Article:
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Environment

Some new — and old — ideas to protect Minnesota’s resources

Coming off a remarkably successful 2007 legislative session, the Minnesota Environmental Partnership (MEP) is raising the ante with a new lineup of legislative proposals that would go far in restoring Minnesota’s traditional leadership in resources

Your kitty and bullfrogs: deadly predators

According to recent news reports, Twin Cities’ cat lovers are objecting to local rules requiring cats to be leashed or otherwise controlled when outside, citing what they say is tabby’s natural desire to be free of household confinement.

But the o

Another worry: vinyl PVC plastics in children’s toys

Following a report that vinyl PVC plastics in children’s products posed a health risk, Sears Holdings has announced that it will join other retail giants Target, WalMart and Microsoft in phasing out the plastic that’s widely used in toys and packagi

Eating + Ecology = Locavore

The word “locavore,” which at first listen sounds like the name of a prescription drug, is the New Oxford American Dictionary 2007 word of the year.

Life just got better for Canada lynx in Minnesota

Canada lynx living in Minnesota — or at least paying a visit from time to time — got some good news this week.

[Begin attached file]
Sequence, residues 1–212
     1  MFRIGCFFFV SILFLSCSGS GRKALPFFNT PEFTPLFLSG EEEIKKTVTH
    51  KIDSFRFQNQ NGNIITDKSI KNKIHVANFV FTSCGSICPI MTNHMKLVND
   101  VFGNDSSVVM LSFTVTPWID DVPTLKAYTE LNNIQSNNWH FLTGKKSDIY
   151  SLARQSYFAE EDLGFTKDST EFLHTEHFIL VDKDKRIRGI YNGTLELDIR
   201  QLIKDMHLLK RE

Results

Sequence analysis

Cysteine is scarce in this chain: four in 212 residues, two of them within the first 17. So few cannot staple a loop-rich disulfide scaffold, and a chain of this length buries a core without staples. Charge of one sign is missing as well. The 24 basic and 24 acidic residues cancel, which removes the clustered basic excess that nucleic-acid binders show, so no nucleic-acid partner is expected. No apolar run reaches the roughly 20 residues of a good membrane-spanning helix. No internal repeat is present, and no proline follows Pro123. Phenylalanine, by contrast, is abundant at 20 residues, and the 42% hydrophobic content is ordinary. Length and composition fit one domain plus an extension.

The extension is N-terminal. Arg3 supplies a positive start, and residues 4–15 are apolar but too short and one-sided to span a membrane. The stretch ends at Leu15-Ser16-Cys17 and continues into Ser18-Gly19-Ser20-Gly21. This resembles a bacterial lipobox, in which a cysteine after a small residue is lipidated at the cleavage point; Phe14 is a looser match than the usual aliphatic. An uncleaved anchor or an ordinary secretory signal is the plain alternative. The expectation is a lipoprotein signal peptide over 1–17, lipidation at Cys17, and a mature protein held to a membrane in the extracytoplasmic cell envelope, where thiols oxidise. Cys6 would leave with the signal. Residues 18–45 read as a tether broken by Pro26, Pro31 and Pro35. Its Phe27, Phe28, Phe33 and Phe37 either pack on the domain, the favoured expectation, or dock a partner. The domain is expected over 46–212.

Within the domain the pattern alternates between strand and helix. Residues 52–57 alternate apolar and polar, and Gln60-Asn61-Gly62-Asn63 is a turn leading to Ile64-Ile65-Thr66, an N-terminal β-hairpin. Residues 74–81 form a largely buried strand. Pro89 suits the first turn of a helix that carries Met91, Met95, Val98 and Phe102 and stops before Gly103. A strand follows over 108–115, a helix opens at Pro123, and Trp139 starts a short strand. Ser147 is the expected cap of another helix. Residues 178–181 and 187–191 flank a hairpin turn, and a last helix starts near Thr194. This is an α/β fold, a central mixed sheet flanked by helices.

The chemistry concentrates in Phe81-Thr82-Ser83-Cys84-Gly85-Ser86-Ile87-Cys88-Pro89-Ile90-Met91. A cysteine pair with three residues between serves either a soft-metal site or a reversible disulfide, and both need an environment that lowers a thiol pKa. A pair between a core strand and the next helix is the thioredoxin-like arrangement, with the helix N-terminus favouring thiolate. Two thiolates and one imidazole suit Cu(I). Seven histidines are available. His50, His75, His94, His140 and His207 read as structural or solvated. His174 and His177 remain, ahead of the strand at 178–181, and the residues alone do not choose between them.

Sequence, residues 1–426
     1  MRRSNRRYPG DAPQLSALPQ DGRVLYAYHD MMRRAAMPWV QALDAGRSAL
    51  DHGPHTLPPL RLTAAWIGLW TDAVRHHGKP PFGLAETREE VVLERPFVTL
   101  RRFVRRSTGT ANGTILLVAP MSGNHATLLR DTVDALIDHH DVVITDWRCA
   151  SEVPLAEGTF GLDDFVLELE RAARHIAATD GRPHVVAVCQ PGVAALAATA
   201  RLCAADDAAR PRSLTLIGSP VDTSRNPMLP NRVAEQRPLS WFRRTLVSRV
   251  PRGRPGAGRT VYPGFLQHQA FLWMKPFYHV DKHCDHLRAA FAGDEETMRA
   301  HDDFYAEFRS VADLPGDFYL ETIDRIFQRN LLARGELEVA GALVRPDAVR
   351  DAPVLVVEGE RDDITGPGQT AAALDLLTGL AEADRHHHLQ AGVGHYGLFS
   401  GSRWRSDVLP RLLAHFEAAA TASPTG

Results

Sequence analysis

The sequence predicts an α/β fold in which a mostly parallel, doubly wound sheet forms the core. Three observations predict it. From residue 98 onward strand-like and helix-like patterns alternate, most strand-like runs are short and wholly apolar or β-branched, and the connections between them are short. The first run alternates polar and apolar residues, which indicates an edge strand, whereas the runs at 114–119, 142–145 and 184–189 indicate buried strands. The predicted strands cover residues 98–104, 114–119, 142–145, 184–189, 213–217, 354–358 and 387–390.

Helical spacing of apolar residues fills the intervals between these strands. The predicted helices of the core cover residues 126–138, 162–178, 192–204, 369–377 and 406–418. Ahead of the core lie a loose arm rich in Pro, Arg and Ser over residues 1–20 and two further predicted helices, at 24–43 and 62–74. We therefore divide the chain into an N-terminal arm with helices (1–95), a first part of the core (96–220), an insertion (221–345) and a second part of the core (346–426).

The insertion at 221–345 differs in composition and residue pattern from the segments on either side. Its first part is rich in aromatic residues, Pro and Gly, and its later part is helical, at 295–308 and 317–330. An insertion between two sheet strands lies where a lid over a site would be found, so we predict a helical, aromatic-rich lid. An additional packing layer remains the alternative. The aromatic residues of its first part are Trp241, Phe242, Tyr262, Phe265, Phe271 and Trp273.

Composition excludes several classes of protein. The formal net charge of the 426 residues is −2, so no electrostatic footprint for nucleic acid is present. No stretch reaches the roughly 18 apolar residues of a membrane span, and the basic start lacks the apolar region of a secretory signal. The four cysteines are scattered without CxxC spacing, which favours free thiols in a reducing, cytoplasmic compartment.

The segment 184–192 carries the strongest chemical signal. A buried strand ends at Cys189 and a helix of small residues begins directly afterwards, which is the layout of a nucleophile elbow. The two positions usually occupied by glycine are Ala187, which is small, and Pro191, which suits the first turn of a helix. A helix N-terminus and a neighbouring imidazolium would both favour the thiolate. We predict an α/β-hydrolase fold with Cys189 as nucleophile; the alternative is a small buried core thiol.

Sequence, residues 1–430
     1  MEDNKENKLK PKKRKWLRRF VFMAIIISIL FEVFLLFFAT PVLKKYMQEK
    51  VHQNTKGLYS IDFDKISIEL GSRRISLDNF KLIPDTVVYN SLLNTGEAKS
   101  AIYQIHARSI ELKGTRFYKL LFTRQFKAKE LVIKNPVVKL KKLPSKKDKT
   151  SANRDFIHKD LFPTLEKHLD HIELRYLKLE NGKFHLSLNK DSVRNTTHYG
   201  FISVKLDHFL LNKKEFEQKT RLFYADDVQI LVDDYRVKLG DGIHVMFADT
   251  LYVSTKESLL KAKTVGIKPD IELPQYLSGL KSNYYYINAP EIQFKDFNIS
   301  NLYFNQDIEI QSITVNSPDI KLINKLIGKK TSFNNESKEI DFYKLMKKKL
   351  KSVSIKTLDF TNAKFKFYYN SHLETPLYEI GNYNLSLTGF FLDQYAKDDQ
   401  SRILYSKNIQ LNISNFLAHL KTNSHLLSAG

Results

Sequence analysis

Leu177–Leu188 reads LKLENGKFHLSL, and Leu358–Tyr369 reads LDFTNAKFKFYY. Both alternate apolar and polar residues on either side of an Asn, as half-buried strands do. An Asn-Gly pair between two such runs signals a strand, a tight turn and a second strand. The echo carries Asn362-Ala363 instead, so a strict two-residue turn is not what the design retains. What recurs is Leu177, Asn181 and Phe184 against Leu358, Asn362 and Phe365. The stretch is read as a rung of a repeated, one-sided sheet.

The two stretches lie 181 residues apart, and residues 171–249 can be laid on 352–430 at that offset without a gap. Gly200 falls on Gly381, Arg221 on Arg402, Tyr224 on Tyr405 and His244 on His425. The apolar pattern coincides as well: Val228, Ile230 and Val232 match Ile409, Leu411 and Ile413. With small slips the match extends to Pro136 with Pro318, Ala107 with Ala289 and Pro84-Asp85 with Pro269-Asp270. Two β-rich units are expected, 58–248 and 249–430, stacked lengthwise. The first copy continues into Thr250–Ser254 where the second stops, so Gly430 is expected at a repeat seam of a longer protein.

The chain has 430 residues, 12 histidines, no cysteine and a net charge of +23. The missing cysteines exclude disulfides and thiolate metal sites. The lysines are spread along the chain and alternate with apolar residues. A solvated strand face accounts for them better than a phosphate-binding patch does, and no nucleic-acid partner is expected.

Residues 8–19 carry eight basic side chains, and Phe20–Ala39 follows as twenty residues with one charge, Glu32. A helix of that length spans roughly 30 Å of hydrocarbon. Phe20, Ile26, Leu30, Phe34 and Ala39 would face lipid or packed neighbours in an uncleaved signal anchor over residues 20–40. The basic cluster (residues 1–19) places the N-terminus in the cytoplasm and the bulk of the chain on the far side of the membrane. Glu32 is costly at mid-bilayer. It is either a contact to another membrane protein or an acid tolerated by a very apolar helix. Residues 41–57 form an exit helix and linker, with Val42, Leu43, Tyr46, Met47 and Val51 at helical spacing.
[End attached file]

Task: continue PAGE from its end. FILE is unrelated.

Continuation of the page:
The U.S. Fish and Wildlife Service reversed a controversial ruling on habitat protection for the cat.

Rising gas prices lure drivers to diesels

The light-weight hybrid — especially Toyota’s Prius and Honda’s Civic — remains the popular choice of environmentally-aware car buyers, pushing annual hybrid sales to 345,000 (up 35 percent over 2006) and often leaving customers waiting for months f

What’s better than a hole in one? Buttercup pennywort

Victoria Ranua, a botanist for the Shakopee Mdewakanton Sioux Community, was performing a rather routine plant survey when she discovered a species never before seen in Minnesota: the buttercup pennywort.

Beware of this fishy health study

When two little-known groups in Washington, D.C., announced recently that pregnant and breastfeeding mothers could safely eat more fish, mercury content aside — more seafood than the federal government and most states recommend — a few eyebrows were